Current Requirements to Establish a Program of Random Testing

When discussing random testing, it is important to draw a distinction between the requirements flowing from human rights legislation and those which are drawn from management rights clauses in collective agreements.  While human rights legislation applies to all employers, non-union employers are free from the restrictions imposed by management rights language.  Of course, employers may protect themselves from policy grievances regarding random testing by negotiating the testing language into the collective agreement, but the current state of case law on this issue makes it highly unlikely that a union would voluntarily agree to such language.

There has not been a significant human rights challenge to a random testing policy since Irving Pulp (which was not a human rights complaint), and it will be interesting to see whether the Supreme Court’s dim view of random testing in a unionized workplace will influence the treatment of such policies in a non-union environment.  However, at the moment, different considerations apply to non-bargaining unit employees.

The following is a brief overview of the requirements that employers must consider before implementing a random testing regime in a unionized workplace.

  • The workplace must be dangerous: Most of the case law on random drug and alcohol testing has concerned workplaces such as chemical plants and oil refineries, which are clearly very dangerous workplaces. Thus, the question of whether a certain workplace is dangerous enough to justify random testing has rarely been considered by adjudicators. However, it is clear that such policies will only be justified in “dangerous” workplaces.

Unfortunately, for many employers, it is not clear whether their workplace is dangerous. We know that a nuclear power plant will be considered dangerous and a book store will not. The problem is that this leaves a lot of gray area. Medication errors in a long-term care home may result in illness or fatalities, but does that make such workplaces dangerous? What about high-rise construction projects, where momentary lapses in attention can result in serious injury? The answer is not entirely clear.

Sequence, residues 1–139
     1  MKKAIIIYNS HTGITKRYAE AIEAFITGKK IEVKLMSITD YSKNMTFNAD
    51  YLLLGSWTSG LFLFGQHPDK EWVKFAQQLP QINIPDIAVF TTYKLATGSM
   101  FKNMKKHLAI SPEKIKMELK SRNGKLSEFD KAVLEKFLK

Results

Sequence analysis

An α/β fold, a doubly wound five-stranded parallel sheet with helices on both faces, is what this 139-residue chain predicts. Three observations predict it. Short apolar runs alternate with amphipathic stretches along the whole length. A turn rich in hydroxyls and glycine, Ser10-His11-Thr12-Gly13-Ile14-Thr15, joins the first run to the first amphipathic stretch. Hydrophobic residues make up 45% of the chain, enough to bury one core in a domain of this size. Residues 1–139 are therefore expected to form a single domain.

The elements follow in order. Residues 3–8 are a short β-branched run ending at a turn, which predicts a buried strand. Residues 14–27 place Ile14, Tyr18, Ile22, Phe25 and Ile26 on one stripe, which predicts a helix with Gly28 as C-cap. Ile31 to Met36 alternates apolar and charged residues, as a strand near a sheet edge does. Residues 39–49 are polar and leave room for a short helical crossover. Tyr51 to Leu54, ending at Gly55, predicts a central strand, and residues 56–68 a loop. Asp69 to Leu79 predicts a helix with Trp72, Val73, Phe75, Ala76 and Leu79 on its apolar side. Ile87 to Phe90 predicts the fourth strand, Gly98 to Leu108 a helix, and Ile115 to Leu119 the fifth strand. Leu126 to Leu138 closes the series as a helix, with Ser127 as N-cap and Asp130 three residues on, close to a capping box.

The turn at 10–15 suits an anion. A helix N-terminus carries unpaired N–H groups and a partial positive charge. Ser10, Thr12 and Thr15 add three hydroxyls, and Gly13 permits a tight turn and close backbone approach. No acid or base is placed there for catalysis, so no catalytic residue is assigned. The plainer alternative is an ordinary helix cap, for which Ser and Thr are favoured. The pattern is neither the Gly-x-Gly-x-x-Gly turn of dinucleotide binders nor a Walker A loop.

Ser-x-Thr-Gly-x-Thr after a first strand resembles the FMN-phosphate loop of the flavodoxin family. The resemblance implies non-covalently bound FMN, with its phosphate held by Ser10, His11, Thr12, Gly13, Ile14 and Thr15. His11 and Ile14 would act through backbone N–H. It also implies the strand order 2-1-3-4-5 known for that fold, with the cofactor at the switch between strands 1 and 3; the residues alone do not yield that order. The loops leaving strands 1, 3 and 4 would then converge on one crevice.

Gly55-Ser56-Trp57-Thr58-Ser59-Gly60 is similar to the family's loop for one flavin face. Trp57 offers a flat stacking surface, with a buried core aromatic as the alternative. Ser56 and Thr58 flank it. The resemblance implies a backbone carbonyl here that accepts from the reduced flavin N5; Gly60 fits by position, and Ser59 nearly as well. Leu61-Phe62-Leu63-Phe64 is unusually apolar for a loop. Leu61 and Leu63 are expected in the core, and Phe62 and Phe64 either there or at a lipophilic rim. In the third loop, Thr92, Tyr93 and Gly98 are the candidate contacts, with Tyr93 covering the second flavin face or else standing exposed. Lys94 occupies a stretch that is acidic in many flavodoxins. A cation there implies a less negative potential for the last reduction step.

• There must be evidence of a substance abuse problem: In Irving Pulp, the Supreme Court resolved the divergence of opinion among arbitrators on whether employers had to find evidence of a substance abuse problem before implementing random testing. It decided that such evidence was required, and the majority in Suncor took this a step further by making it clear that employers had to find evidence of a substance problem among the bargaining unit employees. Further, the evidence should differentiate among employees based on factors such as location, length of employment and work area, because the problem could be limited to a certain group. If an employer is relying on injuries, accidents or near misses to justify random testing, it must be established that these incidents were caused by drug or alcohol abuse.
  • Other measures to deter substance abuse have failed: The infringement of privacy caused by random testing will only be justified if an employer can establish that other measures to deter substance abuse have proven ineffective. Such measures may include Employee Assistance Programs, training supervisors to identify impairment and education programs on substance abuse.
  • Testing must assess current impairment: Arbitrators have held that, generally, employers have no legitimate interest in assessing whether an employee is using substances while off duty. It is only when an employee arrives at work in an impaired state that a risk to workplace safety is created and an employer is provided with justification to take action. For this reason, testing methods must assess current impairment.

With respect to alcohol, breathalyser testing is acceptable. In Arbitrator Michel Picher’s 2006 Imperial Oil decision (which concerned the revised policy that Imperial Oil put in place after Entrop), he noted that oral swabs will assess current impairment by marijuana. However, there is no technology capable of testing impairment by other drugs. To the best of the authors’ knowledge, this has not changed since 2006. Unfortunately, this prevents employers from testing for drugs other than marijuana (eg. cocaine, opiates).